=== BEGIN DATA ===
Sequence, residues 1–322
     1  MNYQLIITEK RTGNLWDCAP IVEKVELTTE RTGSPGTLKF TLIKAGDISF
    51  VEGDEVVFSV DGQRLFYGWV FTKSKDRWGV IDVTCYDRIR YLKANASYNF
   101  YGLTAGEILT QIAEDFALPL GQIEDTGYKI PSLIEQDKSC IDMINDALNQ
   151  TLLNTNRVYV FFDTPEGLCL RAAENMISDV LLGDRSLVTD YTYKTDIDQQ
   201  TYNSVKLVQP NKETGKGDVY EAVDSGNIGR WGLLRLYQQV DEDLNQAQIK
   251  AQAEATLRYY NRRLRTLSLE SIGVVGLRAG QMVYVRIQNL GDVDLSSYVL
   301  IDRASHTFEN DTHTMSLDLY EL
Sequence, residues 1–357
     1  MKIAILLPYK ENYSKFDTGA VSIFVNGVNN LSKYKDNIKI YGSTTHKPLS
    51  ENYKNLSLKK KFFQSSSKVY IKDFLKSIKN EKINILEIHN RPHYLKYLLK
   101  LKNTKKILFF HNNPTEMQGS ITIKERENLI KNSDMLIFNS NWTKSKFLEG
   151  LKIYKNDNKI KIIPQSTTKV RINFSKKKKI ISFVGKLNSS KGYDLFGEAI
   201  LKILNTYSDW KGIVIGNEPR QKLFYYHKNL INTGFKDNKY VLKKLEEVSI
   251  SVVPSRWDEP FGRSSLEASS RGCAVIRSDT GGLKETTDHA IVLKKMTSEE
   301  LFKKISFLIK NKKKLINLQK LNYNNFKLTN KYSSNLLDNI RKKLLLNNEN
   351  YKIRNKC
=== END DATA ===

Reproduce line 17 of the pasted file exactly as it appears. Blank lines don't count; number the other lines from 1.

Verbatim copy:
   351  YKIRNKC